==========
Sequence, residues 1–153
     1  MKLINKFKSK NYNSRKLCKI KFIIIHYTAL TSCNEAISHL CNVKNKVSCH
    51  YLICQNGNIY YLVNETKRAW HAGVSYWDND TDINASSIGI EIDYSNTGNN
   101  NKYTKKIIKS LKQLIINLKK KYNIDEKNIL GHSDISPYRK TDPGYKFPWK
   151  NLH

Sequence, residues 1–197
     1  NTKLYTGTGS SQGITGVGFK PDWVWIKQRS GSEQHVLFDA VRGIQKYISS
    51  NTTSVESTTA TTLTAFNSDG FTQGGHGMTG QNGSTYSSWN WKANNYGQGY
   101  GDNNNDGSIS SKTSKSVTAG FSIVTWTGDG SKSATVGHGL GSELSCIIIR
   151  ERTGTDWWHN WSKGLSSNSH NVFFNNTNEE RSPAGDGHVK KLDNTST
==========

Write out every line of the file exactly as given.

Sequence, residues 1–153
     1  MKLINKFKSK NYNSRKLCKI KFIIIHYTAL TSCNEAISHL CNVKNKVSCH
    51  YLICQNGNIY YLVNETKRAW HAGVSYWDND TDINASSIGI EIDYSNTGNN
   101  NKYTKKIIKS LKQLIINLKK KYNIDEKNIL GHSDISPYRK TDPGYKFPWK
   151  NLH

Sequence, residues 1–197
     1  NTKLYTGTGS SQGITGVGFK PDWVWIKQRS GSEQHVLFDA VRGIQKYISS
    51  NTTSVESTTA TTLTAFNSDG FTQGGHGMTG QNGSTYSSWN WKANNYGQGY
   101  GDNNNDGSIS SKTSKSVTAG FSIVTWTGDG SKSATVGHGL GSELSCIIIR
   151  ERTGTDWWHN WSKGLSSNSH NVFFNNTNEE RSPAGDGHVK KLDNTST